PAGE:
I'm not sure what took me so long to get around to it, but I've finally read the Bitcoin Whitepaper. I thought it would be quite long and full of technology babble beyond my comprehension. In fact, it was quite the opposite with the entire whitepaper is just nine pages long if you include the final page consisting of references. It is almost elementary today, given the language and concepts those of us in crypto have become so familiar with.
The title reads, "Bitcoin: A Peer-to-Peer Electronic Cash System" and that is where it all starts. The term "Cash" stood out to me because all these years later that seems to limit what the coin represents and all that has spawned since because of it.
The next thing you see is who it is written by, the infamous Satoshi Nakamoto. We still don't know who the real Satoshi Nakamoto is, however, much speculation exists as to whom the pseudonym was really used for. The one thing we do now is he obviously wanted to keep his anonymity which seems strange given the "look at me" culture that existed even back then. What I didn't expect to see was an email address. There it was, [email protected] - how interesting. GMX is an email host that "ensures that your email and other data is safe at all times." Too bad he didn't include a phone number but perhaps I'll send him an email thanking him for what he has done for all of us. Guess I shouldn't expect a reply.
What isn't listed is a date but the release date of the whitepaper was on October 31, 2008 and what a "treat" it was indeed. The abstract that follows seems pretty straight-forward today, but back then it must have been quite extraordinary. It reads as follows:
"A purely peer-to-peer version of electronic cash would allow online payments to be sent directly from one party to another without going through a
financial institution. Digital signatures provide part of the solution, but the main benefits are lost if a trusted third party is still required to prevent double-spending. We propose a solution to the double-spending problem using a peer-to-peer network. The network timestamps transactions by hashing them into an ongoing chain of hash-based proof-of-work, forming a record that cannot be changed without redoing the proof-of-work. The longest chain not only serves as proof of the sequence of events witnessed, but proof that it came from the largest pool of CPU power. As long as a majority of CPU power is controlled by nodes that are not cooperating to attack the network, they'll generate the longest chain and outpace attackers. The network itself requires minimal structure. Messages are broadcast on a best effort basis, and nodes can leave and rejoin the network at will, accepting the longest proof-of-work chain as proof of what happened while they were gone."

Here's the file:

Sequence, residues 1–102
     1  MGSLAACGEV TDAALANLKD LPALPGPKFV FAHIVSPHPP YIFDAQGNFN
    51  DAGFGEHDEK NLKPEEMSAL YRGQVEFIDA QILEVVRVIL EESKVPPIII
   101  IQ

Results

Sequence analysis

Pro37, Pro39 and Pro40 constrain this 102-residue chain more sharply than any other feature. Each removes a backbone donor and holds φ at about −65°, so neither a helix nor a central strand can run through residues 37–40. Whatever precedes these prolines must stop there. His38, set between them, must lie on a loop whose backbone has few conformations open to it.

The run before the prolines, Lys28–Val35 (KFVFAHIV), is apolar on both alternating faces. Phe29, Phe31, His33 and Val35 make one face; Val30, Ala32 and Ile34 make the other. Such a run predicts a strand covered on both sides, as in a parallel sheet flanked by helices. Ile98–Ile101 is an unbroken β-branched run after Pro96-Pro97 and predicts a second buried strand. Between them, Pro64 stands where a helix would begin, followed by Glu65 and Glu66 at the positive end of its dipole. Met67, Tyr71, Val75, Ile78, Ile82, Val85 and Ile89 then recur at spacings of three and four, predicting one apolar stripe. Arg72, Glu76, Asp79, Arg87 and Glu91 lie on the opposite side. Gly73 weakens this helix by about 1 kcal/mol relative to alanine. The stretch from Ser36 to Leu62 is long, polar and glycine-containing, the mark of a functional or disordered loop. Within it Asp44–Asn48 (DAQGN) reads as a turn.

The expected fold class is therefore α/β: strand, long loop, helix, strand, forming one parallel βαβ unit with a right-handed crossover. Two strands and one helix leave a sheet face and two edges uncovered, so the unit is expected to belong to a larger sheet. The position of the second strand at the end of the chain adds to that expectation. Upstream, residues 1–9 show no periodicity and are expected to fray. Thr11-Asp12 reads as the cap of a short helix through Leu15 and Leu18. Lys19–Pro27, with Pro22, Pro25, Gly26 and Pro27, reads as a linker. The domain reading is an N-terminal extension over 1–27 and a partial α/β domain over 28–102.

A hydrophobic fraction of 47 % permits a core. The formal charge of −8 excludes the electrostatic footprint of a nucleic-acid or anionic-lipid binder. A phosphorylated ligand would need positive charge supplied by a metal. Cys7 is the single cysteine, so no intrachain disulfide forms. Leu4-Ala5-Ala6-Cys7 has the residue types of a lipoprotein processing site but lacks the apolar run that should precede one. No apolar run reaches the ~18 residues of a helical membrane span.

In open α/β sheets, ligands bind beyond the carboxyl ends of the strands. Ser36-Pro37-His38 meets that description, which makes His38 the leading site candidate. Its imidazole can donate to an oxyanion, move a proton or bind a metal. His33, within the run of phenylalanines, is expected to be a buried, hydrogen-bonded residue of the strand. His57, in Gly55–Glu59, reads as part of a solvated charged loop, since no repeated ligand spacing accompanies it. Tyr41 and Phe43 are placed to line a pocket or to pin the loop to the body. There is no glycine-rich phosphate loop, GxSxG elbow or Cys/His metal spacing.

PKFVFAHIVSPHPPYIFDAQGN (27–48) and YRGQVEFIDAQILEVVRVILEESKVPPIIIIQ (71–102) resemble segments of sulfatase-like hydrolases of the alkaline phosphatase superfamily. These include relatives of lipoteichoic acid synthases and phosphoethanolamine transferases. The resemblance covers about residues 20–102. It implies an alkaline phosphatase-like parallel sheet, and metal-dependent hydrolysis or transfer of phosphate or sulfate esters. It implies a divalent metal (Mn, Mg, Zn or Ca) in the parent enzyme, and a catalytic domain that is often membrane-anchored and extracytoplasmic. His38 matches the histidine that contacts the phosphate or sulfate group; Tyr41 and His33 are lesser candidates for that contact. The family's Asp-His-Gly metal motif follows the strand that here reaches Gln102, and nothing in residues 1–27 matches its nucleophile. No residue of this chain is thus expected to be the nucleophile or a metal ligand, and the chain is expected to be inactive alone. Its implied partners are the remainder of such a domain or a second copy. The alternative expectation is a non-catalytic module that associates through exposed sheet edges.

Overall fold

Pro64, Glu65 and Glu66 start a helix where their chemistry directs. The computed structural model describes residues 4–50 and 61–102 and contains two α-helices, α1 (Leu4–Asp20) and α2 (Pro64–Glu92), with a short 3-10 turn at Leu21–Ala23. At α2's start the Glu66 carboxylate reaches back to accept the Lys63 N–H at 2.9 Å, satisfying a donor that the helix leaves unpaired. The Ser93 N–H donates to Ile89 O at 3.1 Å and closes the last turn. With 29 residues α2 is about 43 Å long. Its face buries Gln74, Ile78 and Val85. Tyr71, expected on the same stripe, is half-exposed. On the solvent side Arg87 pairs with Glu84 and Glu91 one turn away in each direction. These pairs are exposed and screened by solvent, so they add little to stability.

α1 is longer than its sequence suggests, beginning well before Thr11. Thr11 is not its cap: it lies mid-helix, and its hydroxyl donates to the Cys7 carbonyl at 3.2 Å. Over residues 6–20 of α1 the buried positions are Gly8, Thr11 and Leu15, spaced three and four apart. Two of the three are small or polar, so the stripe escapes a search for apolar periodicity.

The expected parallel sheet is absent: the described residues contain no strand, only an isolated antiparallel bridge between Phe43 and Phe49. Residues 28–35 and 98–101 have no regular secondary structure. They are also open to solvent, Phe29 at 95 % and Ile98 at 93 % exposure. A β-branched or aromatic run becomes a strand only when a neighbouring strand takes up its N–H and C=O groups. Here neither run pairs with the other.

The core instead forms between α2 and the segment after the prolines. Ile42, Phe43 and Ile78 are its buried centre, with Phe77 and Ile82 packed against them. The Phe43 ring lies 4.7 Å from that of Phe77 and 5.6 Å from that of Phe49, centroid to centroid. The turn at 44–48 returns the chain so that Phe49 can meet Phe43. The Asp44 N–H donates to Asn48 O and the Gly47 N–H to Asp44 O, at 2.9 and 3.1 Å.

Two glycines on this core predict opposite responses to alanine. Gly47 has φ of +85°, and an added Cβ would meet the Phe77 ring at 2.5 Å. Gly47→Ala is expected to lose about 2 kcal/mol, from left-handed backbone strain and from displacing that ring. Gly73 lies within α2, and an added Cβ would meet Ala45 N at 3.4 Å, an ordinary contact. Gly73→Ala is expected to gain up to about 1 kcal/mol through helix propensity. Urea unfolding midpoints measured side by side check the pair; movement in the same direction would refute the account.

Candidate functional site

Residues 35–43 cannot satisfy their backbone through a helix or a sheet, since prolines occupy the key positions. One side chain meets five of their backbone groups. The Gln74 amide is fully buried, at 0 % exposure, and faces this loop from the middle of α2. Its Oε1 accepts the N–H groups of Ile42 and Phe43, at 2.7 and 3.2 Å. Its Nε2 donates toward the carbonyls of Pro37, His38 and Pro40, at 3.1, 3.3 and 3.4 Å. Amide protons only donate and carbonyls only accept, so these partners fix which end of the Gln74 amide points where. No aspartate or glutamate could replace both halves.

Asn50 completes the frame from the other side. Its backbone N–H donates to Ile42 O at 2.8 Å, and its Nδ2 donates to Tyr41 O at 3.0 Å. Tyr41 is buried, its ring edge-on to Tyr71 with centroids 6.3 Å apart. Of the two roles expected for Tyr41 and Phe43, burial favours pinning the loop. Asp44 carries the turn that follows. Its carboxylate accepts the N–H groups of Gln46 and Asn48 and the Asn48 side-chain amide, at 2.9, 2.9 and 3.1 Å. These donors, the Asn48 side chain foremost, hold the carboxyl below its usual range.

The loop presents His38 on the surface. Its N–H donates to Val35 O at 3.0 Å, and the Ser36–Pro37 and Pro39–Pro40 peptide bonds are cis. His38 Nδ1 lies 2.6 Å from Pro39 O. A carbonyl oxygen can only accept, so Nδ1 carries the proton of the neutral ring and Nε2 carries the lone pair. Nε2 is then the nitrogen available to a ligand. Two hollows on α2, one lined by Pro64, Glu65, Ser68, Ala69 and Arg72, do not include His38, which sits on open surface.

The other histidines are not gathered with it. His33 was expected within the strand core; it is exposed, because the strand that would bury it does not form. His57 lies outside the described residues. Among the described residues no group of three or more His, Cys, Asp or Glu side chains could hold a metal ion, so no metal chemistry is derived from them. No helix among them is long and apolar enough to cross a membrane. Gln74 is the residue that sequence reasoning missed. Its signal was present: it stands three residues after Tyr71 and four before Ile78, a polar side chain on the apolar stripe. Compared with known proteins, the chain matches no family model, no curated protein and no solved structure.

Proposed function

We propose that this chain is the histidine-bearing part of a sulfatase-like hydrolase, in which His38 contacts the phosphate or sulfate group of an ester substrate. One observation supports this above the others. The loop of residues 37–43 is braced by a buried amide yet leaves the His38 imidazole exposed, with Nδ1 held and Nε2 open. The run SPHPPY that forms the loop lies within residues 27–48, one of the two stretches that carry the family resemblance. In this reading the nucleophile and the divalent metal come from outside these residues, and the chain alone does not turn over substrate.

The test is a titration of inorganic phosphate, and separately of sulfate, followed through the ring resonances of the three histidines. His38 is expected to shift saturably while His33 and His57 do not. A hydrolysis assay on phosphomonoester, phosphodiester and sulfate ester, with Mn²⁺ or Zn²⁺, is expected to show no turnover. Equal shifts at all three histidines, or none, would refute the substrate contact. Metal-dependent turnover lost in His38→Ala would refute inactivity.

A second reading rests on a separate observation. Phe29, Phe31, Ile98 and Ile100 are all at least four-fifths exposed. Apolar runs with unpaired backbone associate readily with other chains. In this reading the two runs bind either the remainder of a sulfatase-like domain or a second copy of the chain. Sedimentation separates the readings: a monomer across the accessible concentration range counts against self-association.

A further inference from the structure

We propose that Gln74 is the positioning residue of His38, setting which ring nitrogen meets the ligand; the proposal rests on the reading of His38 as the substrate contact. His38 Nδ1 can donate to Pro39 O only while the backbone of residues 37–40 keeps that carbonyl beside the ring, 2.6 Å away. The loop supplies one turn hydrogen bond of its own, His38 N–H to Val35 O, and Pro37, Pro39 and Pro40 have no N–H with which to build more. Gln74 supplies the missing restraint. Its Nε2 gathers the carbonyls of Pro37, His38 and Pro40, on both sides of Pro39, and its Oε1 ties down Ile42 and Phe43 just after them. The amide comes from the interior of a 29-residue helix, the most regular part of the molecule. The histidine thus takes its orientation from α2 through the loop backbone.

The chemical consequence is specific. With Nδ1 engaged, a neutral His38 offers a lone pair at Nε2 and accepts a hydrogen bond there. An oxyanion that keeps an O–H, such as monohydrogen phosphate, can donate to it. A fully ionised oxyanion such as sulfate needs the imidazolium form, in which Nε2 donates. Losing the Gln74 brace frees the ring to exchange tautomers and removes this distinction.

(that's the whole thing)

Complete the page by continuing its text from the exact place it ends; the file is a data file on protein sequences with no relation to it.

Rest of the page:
The abstract is a succinct and beautiful read. This description may well apply to the whole whitepaper and I strongly encourage you to spend a few minutes to absorb it. The first Bitcoin client wouldn't launch until January of 2009 and Satoshi would hand off Bitcoin to the community one year later but the masterpiece is the whitepaper itself.
The first two sections, Introduction and Transactions, review the issue with the financial institutions of the time which in the midst of the 2008 financial crisis. The period was set off by minuscule interest rates and loose lending standards which lead to a housing bubble in the US that spread globally. It was a system built on trust and that trust was threatened by a centralized banking system that failed its consumers. Transactions became increasingly expensive in the existing model and Satoshi set out to solve that with a peer-to-peer model using blockchain technology "based on cryptographic proof instead of trust." His transaction model introduced and owner's public key and the ability to be able to see every transaction which would be stored in the blockchain and eliminating the potential to double spend.